Online Program

Real talk: A partnership to bring HIV/AIDS education and awareness to a local church congregation

Wednesday, November 6, 2013

Chasity Otteridge, LeMoyne-Owen College/Meharry Medical College HBCU Wellness Program, LeMoyne-Owen College, Memphis, TN
Nikia Grayson, MPH, RN, LeMoyne-Owen College/Meharry Medical College HBCU Wellness Program, LeMoyne-Owen College, Memphis, TN
Kimberly Lamar, PhD, MPH, MSEH, Center for Urban Leadership and Social Justice, LeMoyne-Owen College, Memphis, TN
Calverta McMorris, Ed.D., LeMoyne-Owen College-Meharry Medical College HBCU Wellness Program, LeMoyne-Owen College, Memphis, TN
BACKGROUND: HIV has a devastating effect on the African American community. The Black Church has had a historic involvement in advocacy. Therefore, the purpose of this research was to encourage faith leaders to engage in HIV advocacy, work to eliminate the stigma associated with the disease, and deliver proven community-driven strategies to reduce the disparity. METHOD: A total of 57 members of a local Black church in Memphis, TN participated in 1 of 2 education sessions delivered by a panel of HIV-infected women and health service providers. Each session featured open discussions on misconceptions and stigmas concerning HIV/AIDS risks and transmission, while also providing strategies to reduce and/or eliminate its spread. Sessions were organized by student researchers at LeMoyne-Owen College and Pastoral staff at a local church. Pre/post assessments were administered to measure participant level of knowledge of behavioral risks, prevention strategies for transmission, and importance of HIV testing. RESULTS: Results showed that 47% of church members reported being very concerned about HIV/AIDS in the African-American Community. However, 40% had never been tested for the virus. The most reported stigma was “you could tell an individual is infected by the way they look”. However, pre-test results showed that more than 50% reported having no prior personal interaction with HIV infected persons. Post-test results revealed a significant knowledge gain on risks of transmission. DISCUSSION: Through education, awareness and empowerment, the Black church, as grassroots networks, can strategically play a major role in the prevention of HIV/AIDS.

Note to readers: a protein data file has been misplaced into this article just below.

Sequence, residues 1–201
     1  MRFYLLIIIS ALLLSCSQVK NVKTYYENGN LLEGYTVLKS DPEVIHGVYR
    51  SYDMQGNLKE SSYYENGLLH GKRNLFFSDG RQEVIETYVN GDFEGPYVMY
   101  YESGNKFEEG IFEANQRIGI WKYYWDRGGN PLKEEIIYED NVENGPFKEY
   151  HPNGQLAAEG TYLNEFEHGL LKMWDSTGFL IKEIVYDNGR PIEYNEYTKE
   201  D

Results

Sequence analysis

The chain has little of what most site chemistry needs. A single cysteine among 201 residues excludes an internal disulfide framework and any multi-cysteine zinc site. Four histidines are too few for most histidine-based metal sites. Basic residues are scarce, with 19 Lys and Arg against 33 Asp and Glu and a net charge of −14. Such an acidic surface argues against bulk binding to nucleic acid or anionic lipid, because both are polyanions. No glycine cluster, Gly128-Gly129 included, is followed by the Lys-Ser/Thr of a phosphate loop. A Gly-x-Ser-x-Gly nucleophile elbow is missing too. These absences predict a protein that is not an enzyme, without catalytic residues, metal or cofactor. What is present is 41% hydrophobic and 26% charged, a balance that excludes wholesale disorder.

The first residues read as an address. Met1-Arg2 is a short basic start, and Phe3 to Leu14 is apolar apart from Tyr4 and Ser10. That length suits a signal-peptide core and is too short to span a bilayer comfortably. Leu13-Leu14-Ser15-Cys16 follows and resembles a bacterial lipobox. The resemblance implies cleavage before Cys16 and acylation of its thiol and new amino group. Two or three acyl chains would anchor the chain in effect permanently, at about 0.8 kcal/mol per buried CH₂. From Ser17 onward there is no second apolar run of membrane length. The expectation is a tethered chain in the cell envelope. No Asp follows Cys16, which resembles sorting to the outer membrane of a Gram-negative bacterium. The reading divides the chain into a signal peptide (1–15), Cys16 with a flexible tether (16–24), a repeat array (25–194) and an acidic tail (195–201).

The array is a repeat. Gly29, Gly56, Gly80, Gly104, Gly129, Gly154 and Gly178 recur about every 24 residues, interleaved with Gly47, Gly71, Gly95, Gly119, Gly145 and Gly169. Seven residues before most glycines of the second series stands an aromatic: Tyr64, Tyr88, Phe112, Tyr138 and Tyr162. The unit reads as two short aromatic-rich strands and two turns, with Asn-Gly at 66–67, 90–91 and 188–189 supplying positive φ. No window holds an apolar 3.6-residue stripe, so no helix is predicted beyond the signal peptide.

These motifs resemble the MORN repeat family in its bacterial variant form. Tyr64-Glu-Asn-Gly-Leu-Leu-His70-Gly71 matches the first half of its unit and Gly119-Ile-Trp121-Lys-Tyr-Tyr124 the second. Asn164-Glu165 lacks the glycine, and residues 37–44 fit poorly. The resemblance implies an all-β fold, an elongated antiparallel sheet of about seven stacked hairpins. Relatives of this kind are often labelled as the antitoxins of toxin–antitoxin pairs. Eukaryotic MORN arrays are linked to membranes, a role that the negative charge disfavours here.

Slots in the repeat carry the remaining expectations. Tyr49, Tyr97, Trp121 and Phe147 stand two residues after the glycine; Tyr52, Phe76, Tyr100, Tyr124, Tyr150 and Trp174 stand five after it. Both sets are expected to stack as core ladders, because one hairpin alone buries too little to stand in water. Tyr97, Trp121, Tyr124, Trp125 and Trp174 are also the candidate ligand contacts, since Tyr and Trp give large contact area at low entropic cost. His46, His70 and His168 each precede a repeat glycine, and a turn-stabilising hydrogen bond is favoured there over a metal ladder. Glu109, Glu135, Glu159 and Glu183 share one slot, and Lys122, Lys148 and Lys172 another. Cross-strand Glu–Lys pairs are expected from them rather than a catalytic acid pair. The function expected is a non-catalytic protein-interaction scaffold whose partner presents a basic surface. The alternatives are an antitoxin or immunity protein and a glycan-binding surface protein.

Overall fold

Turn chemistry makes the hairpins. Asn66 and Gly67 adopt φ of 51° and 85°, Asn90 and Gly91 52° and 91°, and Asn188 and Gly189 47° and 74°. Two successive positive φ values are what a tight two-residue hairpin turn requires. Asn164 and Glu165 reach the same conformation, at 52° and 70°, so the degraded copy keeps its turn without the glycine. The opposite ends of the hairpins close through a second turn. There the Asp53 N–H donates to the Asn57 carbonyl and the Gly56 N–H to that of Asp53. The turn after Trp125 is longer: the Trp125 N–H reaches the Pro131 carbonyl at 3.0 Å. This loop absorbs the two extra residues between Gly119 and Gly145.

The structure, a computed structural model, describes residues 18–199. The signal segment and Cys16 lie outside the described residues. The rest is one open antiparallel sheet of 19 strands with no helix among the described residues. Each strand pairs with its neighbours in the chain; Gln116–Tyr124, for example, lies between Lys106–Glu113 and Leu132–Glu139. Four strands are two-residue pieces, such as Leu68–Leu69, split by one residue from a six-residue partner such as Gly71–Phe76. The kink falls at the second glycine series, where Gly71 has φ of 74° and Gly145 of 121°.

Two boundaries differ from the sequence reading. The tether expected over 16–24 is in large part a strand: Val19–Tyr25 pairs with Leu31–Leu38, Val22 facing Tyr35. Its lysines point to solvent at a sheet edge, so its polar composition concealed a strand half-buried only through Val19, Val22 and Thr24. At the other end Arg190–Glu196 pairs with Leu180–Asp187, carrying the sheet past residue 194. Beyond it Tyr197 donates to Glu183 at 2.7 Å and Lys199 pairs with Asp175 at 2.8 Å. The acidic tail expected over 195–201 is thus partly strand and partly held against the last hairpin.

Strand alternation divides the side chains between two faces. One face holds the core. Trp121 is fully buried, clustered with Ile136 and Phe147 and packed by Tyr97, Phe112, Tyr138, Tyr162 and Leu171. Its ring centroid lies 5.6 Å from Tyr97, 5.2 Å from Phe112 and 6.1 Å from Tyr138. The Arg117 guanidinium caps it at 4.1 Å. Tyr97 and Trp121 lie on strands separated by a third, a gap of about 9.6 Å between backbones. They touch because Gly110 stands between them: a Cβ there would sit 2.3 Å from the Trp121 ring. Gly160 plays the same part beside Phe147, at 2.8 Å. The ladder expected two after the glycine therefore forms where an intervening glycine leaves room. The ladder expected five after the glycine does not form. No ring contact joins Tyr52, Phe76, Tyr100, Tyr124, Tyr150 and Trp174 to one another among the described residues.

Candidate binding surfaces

Learning Areas:

Advocacy for health and health education
Assessment of individual and community needs for health education
Implementation of health education strategies, interventions and programs
Planning of health education strategies, interventions, and programs
Public health or related education

Learning Objectives:
Lists misconceptions and stigmas associated with risk and transmission of HIV/AIDS within the context of the faith community. Discuss prevention strategies to reduce and/or eliminate the risk of HIV/AIDS transmission.

Keyword(s): HIV/AIDS, Faith Community

Presenting author's disclosure statement:

Qualified on the content I am responsible for because: I am a Student Health Ambassador in the LeMoyne-Owen College/Meharry Medical College HBCU Wellness Program. I also hold certifications in HIV testing and safe sex coaching for students and the community.
Any relevant financial relationships? No

I agree to comply with the American Public Health Association Conflict of Interest and Commercial Support Guidelines, and to disclose to the participants any off-label or experimental uses of a commercial product or service discussed in my presentation.